This is a substantial addition to Amtrak motive power. I think the Dash-8s will probably be removed from service, or they might continue a strange life as very-fuel-hungry switchers. I'm not sure how many Chargers will replace F59PHIs (which will probably be retired) versus how many Chargers will replace P42s in the corridors (allowing more P42s to run in long-distance service). I guess this is basically a question of how many F59PHIs will be retired. F59PHIs are currently used mostly in California and Washington State and both states are ordering lots of Chargers. The F59PHIs might all be retired, in which case the order so far wouldn't actually free up very many P42s. But on the other hand Amtrak still has to run F59PHIs because of North Carolina, so California might keep a bunch around....

The Illinois option order of 12 Chargers was stated in the September status report by the Next Gen equipment pool committee. So that is not new info. But the 12 units are not necessarily going to Illinois corridor services. IL DOT is acting as the buyer for the Midwest joint consortium for the Chargers and Nippon-Sharyo bi-level cars, so the 12 additional locomotives are presumably going to the joint equipment pool. Don't know whether the 3 states in the consortium are paying for part or all the costs for the 12 units or if federal funds are paying for them.

 

As for the F59PHIs, why would Amtrak retire them? The F59s were delivered in 1998, so they are younger than some of the P-42s. I doubt that California or Washington State would keep any F59s around once they have all the new Chargers in service. The states will own the Chargers, so they don;t have to pay Amtrak capital equipment costs. The F59s might end up on the east coast as corridor diesels for the Virginia Regionals, maybe the Vermonter and the Downeaster.

 

The interesting thing is that according to the recently posted Capital Investment Plan for FY2016-FY2020 for state corridors services by the 514 Capital Equipment Subcommittee, 5 out of the 21 F59PHIs are not in a state of good repair and are scheduled for overhauls in FY16 and FY17 to return to service. The states (CA?) are paying for the overhauls, but I wonder if the overhaul plans might change with the order for additional Chargers. BTW, the Capital Investment Plan for FY16-FY20 posted on the subcommittee website has a very detailed breakdown of what the states and Amtrak expect to spend for equipment maintenance and capital charges over the next 5 years. 

 

 

I'm not certain about the California F59PHIs*, but some of the Cascades F59PHIs are owned by WADOT, not Amtrak so WA would have to sell them to Amtrak in order for them to show up somewhere else. My guess is that they'll be sold off to other agencies.

 

*I think all the California ones are owned by CA, but someone else will have to verify that.

 

peter


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#57 A Voice

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Posted 07 November 2015 - 12:12 PM

 

 

The Illinois order is more interesting. The original plan was to replace the motive power for every single corridor out of Chicago and it seemed like enough but with no spares. But this is a very significant additional number, which should not only cover spares and the Moline and Rockford services, but leave extras. I can't think of any more service expansions planned in Illinois which would need more locomotives -- is Illinois planning to lease some of these to Michigan for their proposed service expansions?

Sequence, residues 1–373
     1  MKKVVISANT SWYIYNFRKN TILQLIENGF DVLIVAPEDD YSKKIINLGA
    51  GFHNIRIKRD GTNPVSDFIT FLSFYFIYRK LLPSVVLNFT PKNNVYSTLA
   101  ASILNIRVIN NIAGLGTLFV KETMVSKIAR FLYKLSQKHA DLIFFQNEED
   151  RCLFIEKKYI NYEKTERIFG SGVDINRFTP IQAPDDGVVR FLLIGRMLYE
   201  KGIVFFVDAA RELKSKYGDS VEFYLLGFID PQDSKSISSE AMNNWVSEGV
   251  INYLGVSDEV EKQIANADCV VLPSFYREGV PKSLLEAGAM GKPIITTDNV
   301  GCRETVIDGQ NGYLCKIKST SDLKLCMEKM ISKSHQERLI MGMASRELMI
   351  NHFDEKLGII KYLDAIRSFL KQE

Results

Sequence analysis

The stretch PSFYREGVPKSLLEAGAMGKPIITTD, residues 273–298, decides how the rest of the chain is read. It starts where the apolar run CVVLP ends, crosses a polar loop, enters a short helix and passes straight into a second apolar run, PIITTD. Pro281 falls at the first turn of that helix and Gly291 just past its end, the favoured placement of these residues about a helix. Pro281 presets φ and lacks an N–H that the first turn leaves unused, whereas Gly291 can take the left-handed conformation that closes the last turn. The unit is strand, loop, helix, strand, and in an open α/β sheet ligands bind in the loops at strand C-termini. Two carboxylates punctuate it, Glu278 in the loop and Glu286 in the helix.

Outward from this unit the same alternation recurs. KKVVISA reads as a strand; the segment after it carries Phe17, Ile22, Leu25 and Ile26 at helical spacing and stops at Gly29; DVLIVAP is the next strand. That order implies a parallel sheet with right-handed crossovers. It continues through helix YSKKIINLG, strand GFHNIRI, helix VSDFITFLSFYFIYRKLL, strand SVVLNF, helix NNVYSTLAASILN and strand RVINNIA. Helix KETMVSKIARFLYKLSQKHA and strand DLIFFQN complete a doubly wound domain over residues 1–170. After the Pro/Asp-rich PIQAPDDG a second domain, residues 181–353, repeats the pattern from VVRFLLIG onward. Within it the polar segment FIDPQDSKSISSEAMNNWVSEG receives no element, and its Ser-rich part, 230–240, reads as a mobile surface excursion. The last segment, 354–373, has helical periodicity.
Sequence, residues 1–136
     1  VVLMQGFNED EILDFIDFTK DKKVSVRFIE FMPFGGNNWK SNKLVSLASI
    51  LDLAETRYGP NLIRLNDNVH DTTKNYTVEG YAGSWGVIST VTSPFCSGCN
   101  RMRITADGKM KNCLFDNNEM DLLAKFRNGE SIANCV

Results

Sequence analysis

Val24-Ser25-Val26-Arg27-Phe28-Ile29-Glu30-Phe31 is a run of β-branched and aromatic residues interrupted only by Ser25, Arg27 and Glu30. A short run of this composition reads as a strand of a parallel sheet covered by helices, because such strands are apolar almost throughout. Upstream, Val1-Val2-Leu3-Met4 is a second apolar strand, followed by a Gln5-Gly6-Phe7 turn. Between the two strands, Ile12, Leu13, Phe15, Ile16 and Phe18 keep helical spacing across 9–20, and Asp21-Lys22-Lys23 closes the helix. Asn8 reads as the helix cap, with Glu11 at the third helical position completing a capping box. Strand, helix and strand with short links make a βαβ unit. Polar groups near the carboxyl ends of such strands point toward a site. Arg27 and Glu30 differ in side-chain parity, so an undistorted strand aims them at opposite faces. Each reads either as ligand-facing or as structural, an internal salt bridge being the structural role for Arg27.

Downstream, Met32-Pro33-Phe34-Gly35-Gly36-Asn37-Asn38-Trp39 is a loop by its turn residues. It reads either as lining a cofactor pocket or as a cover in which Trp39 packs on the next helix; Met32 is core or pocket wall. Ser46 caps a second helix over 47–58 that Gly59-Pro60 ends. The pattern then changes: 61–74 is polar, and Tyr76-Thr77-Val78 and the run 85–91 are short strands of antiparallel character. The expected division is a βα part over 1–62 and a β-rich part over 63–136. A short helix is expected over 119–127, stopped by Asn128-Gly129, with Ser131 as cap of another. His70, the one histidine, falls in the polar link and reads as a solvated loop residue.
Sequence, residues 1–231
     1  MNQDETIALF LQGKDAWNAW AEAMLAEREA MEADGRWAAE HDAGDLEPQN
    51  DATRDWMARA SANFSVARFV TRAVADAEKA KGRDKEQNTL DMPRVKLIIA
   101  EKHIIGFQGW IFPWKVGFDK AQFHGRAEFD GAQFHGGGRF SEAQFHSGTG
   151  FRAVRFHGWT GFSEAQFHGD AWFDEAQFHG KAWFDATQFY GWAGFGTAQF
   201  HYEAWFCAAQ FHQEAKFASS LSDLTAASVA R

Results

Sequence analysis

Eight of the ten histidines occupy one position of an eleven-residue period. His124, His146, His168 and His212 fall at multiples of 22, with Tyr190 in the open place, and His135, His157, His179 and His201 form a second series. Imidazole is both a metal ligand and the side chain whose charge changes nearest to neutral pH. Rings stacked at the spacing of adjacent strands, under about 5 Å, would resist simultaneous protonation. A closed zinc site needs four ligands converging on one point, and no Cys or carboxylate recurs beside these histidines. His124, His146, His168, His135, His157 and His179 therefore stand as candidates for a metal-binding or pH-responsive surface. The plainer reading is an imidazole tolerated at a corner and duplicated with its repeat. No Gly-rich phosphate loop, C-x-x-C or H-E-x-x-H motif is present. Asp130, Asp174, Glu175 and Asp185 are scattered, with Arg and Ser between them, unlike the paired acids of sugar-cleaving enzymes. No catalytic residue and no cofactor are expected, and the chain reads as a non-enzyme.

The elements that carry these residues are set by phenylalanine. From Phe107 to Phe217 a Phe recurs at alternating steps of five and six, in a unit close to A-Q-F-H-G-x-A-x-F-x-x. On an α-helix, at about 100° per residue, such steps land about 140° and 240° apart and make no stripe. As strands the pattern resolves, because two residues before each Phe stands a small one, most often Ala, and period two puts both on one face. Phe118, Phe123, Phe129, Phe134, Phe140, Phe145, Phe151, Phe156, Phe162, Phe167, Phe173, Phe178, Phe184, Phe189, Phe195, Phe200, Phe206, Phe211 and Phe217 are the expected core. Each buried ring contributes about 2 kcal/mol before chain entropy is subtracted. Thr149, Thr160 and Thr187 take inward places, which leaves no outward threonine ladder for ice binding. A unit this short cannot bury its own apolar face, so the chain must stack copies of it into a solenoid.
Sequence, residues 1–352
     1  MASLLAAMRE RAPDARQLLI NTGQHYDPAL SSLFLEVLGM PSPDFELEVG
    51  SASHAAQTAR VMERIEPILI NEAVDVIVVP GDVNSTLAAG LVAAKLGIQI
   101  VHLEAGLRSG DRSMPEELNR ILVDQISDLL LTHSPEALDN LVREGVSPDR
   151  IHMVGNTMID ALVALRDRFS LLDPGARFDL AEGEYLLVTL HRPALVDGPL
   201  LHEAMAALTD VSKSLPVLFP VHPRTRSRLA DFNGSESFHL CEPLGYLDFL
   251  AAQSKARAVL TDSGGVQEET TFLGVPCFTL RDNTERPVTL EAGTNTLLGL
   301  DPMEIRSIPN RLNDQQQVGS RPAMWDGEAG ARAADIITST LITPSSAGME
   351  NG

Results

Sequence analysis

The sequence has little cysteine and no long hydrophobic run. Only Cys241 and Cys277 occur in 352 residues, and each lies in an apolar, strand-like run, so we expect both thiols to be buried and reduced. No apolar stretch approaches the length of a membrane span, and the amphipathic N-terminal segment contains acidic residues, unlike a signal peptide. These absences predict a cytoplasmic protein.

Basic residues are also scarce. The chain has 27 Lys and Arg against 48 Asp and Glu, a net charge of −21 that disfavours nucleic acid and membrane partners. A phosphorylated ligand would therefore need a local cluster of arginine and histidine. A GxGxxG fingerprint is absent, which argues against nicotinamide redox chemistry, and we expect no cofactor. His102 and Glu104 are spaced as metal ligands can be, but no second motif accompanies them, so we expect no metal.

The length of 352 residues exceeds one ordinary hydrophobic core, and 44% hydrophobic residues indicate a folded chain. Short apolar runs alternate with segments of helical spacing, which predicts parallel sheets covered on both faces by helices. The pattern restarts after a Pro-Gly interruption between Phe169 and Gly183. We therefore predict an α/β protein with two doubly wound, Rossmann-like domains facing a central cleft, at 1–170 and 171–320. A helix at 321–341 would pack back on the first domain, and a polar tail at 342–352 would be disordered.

The order is now up to 66 including 8 for MARC, or 58 without.

This is a substantial addition to Amtrak motive power. I think the Dash-8s will probably be removed from service, or they might continue a strange life as very-fuel-hungry switchers. I'm not sure how many Chargers will replace F59PHIs (which will probably be retired) versus how many Chargers will replace P42s in the corridors (allowing more P42s to run in long-distance service). I guess this is basically a question of how many F59PHIs will be retired. F59PHIs are currently used mostly in California and Washington State and both states are ordering lots of Chargers. The F59PHIs might all be retired, in which case the order so far wouldn't actually free up very many P42s. But on the other hand Amtrak still has to run F59PHIs because of North Carolina, so California might keep a bunch around....

The Illinois option order of 12 Chargers was stated in the September status report by the Next Gen equipment pool committee. So that is not new info. But the 12 units are not necessarily going to Illinois corridor services. IL DOT is acting as the buyer for the Midwest joint consortium for the Chargers and Nippon-Sharyo bi-level cars, so the 12 additional locomotives are presumably going to the joint equipment pool. Don't know whether the 3 states in the consortium are paying for part or all the costs for the 12 units or if federal funds are paying for them.

 

As for the F59PHIs, why would Amtrak retire them? The F59s were delivered in 1998, so they are younger than some of the P-42s. I doubt that California or Washington State would keep any F59s around once they have all the new Chargers in service. The states will own the Chargers, so they don;t have to pay Amtrak capital equipment costs. The F59s might end up on the east coast as corridor diesels for the Virginia Regionals, maybe the Vermonter and the Downeaster.